Along with oil, gold is the most traded commodity in the world, which means that traders worldwide are closely watching its price. Since the gold price is often considered a gauge on fear and uncertainty in the financial markets, the metal is also often used by investors as a form of financial “insurance policy” or hedge against hidden risks elsewhere in the markets.
In the week from November 5 to November 11, gold continued its bearish trend, which cut about 2% from the commodity’s price. Friday saw the largest decline in that week, with gold losing 1.5% for the day. The precious metal has further demonstrated a poor performance starting with the first day of November, which put an end to the sideways trend with bullish accents that could be seen on the charts between August and late October. Is gold set to rocket back to the 1300+ prices of may 2018? Some traders say yes, and they are watching the charts for what could be the most significant investment of the year.
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Why is gold declining in November?
The main driver behind the downward movement at the end of last week was the US dollar, which, following the Fed’s Federal Open Market Committee (FOMC) meeting, demonstrated significant strength against a basket of other major world currencies amidst increased expectations that the US central bank would continue to raise interest rates.
In its statement, the Fed outlined its commitment to previously announced plans aimed at bringing interest rates to a neutral level, as the US economy continues to show high growth rates, while inflationary pressure remains within anticipated levels.
Gold has traditionally been quite sensitive to moves made by the Fed, as a further increase in interest rates will boost the US dollar and US government bond yields, which reduces the attractiveness of gold as an investment option. Therefore, it’s important that traders are aware of this inverse relationship, which involves two of the most traded assets in the world.
Will the downtrend continue?
At the time of writing, gold is trading at roughly $1,200 and is now inches away of breaking the support level at $1,200, which has been untouched for more than a month. However, in order to consolidate its bearish trend, gold has to be put under further pressure by the US dollar.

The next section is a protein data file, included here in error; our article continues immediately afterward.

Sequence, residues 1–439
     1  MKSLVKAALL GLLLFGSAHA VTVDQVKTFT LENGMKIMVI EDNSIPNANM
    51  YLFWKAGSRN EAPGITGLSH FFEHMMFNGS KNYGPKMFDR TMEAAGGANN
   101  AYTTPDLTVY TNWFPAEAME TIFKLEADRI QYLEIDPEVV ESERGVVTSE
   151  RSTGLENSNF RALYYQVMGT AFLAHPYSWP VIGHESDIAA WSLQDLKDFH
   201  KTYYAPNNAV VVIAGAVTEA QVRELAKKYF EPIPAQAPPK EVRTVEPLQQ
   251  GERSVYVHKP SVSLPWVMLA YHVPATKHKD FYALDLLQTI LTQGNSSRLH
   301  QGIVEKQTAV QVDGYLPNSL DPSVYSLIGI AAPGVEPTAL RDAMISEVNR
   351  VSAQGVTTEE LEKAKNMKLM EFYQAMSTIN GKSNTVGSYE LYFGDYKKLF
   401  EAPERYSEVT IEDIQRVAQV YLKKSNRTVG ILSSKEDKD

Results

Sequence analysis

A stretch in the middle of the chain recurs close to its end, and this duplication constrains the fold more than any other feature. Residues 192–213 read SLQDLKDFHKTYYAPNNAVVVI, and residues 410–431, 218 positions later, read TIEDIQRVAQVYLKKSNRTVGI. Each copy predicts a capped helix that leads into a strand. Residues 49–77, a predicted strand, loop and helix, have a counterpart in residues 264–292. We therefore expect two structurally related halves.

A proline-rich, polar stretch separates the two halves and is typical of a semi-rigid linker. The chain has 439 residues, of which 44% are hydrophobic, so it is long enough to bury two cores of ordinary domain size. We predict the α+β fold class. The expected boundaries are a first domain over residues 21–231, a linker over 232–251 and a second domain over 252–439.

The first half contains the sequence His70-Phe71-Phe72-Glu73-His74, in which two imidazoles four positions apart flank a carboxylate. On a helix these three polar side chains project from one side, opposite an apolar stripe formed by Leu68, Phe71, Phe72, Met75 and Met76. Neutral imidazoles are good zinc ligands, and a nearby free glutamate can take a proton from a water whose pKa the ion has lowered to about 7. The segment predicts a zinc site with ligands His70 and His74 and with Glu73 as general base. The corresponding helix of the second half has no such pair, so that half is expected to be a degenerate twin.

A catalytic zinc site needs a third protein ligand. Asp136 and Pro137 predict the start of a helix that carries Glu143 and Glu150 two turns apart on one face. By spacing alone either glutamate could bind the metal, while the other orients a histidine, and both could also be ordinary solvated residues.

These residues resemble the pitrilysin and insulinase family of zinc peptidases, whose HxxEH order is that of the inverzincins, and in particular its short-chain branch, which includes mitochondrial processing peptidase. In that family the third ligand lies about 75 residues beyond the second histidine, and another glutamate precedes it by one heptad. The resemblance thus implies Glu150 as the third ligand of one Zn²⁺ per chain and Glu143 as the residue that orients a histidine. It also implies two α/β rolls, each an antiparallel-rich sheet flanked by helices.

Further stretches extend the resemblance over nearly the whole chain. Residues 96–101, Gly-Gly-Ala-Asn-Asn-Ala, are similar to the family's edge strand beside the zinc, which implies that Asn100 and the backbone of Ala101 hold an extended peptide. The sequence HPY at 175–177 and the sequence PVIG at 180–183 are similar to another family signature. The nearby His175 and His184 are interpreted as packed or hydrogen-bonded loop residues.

The plans announced by the Fed last week increases the importance of the consumer price index numbers, given that this is one of the key indicators that the central bank looks at when deciding on changes in interest rates. Other US macroeconomic indicators expected that the following weeks should also be watched closely by anyone interested in where both gold and the US dollar may be headed.
The Fed has already raised interest rates three times this year and intends to stay ahead of the curve in 2019 to keep up with the strong growth in the US economy seen this year. Raising rates usually strengthens the dollar, which, as mentioned, generally trades inversely to gold. This obviously also puts the longer-term price of gold into question by adding heavy pressure on the yellow metal.
What do technical indicators say?
From a technical analysis perspective, gold also looks weak over the short-term, which could be a good signal for short-sellers. Even though the MACD and Stochastic indicators are currently in “oversold” territory, the overall downtrend, coupled with negative fundamental drivers, may still be able to push the metal further down.
Other indicators, including the moving averages and Bollinger bands, support the bearish sentiment and adds further pressure on gold prices going forward.
On the 4-hour chart, gold’s price action has formed an interesting divergence with the Stochastic indicator, which could mean that the bears are getting exhausted and a price reversal to the upside is about to come.
In addition, the price has been trading close to the lower end of the Bollinger Bands indicator for a while, which would also suggest that the downtrend might indeed end, at least for now.
Thus, on the one hand, we have the fundamentals saying gold is poised to continue lower due to the high pressure from a stronger US dollar, and on the other hand, we have a few technical indicators that hint to a bullish trend reversal.
Again, a divergence between Stochastic and the price action is not the most reliable bullish signal in the world, so traders should look at it as a hint only. The rest of the indicators, especially the trend indicators, resonate with the fundamentals, suggesting a continuation of the bearish movement.
From our point of view, the best-case scenario for gold buyers is a sideways trend that might continue to go on for days or even weeks from here, after which the price action may dip again, probably testing the support level around $1,186. However, bulls should still pay attention to this exciting market. As history has shown us, gold is always ready to spike at the first sign of any weakness from major currencies and economies around the world. To simplify all of this, gold prices are low, and history shows that it never stays that way. If you're not in a hurry, now might well be the best time to buy gold, but you might have to wait a while until it bounces back.
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